Social Security & Taxation

Coordinator : Prof. Dr. Bea Cantillon


In this research domain the focus lies on the actual functioning of social security and tax systems in Belgium and in other countries, on reforms and adjustments to changing socio-economic and demographic contexts and on social adequacy in terms of poverty reduction and reduction of social inequalities. Methodologically this domain makes use of simulation models, the empirical analysis of socio-economic data at the individual and household level and the analysis of policy discourse.


Is there a trade-off between providing adequate income protection and promoting self-sufficiency in social assistance schemes? On the optimal mix of empowerment, conditionality and sanctioning.


Duration: 01/10/2011 - 30/09/2012
Funding: Special research fund, Antwerp University
Promoter: Ive Marx
Researcher: Sarah Marchal

This research project aims to gain insight into the optimal policy mix of conditional measures and enabling policies (directed towards social assistance recipients) in order to promote the transition of social assistance to employment, while at the same time ensuring a decent level of protection. By doing so, it will contribute to answering the question of why some countries succeed in combining high minimum income protection levels with high levels of outflow from social assistance dependency and why Belgium is not among them. In other words, the central aim is to find out the role of conditionality in bringing social assistance recipients to work and enabling the social assistance scheme to provide adequate benefits.


A study on youngsters (18-25) and the right to social integration/minimum income protection


Duration: 12/04/2011 – 30/11/2011
Funding: PPS Social Integration, anti-Poverty Policy, Social Economy and
Federal Urban Policy
Promoters: Bea Cantillon & Daniël Cuypers
Researchers: Sarah Carpentier & Marjolijn Dewilde


This project aims to gain insight into the characteristics of students who receive or apply for minimum income protection. It also critically examines Belgian legislation regarding students and their entitlement to minimum income protection and explores the implementation of current legislation. In the last part of the project a short study is made of students’ outflow from the system of minimum income protection.


Decentralisation and the activation of social assistance beneficiaries


Duration: 01/01/2011 – 31/12/2014
Funding: Flemish Research Foundation (FWO Vlaanderen)
Promoters: Bea Cantillon, Karel Van den Bosch & Karel Neels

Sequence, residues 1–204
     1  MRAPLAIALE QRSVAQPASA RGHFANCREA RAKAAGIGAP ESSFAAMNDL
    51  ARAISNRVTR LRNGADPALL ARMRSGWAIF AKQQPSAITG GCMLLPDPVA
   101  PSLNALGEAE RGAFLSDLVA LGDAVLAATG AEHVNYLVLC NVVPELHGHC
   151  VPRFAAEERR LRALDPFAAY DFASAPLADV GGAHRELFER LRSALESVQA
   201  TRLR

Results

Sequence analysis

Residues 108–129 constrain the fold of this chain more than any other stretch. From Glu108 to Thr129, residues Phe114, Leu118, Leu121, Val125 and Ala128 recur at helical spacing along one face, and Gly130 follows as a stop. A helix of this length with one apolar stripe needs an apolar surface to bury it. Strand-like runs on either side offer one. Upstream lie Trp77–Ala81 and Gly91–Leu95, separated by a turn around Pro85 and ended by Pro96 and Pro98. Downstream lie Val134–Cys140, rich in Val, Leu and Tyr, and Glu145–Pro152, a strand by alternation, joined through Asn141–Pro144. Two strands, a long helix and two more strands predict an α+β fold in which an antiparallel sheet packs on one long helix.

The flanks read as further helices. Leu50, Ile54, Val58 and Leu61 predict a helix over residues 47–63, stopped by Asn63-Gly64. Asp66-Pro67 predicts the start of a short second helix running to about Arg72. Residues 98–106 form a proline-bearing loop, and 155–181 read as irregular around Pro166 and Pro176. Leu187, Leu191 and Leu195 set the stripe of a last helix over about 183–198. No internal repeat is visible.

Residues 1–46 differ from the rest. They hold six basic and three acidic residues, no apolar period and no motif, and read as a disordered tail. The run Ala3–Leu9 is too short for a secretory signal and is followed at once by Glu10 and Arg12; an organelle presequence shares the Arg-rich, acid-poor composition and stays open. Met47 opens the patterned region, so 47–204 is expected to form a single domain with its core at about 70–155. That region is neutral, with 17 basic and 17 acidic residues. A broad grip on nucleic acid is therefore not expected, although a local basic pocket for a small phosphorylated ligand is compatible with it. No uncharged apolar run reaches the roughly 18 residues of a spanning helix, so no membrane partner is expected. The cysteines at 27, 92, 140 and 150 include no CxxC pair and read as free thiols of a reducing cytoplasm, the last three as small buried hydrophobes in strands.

Researcher: Sarah Carpentier


This study assesses whether Belgium's decentralised activation policy in social assistance is effective in guiding social assistance beneficiaries towards sustainable employment. Recently, many states have rescaled their social assistance schemes due to activation. This has given rise to a lively international debate on the optimal distribution of competences between government levels. We aim to contribute substantially to, firstly, the mainly economic and political literature on social federalism, and secondly, the social policy literature on the effectiveness of social activation policies.



The evolution of minimum income protection in the EU


Duration: 14/07/2010 – 01/10/2010
Funding: European Commission
Promoter: Natascha Van Mechelen
Researcher: Tim Goedemé


The project analysed the long term evolution of minimum income protection levels in 25 European member states. The project focused primarily on assistance benefits for the working age population, and in second order on minimum wages. In a first part the project compared benefit levels (2009) of several countries. To check the relative living standard of households that live of minimum income benefits and to know to what degree that income is adequate, the net disposable income of these households was compared with that of families with an average wage and to that of families receiving the equivalent median family income. In the project’s second part the focus shifted to the evolution of the level of minimum income protection as of the early 1990s (for EU-15) and as of 2000 (for EU-25).


The state of the art of Belgian Social Security


Duration: 16/01/2009 – 15/01/2010
Funding: FPS Social Security
Promoter: Bea Cantillon
Researcher: Veerle De Maesschalck


This project aimed to develop an overview of the state of the art of Belgian social security in all its facets. The project was developed around four big parts in which principles, goals, financing, etc. of Belgian social security are addressed. Furthermore attention was given to the system’s institutional architecture (structural design, characteristics of the system, etc.); to actual social security policy as well as social phenomena and developments which can have an influence. Additionally, the project considered European context as well as the time dimension. The project focussed on the current situation as well as on important evolutions in the past – keeping the future in mind.




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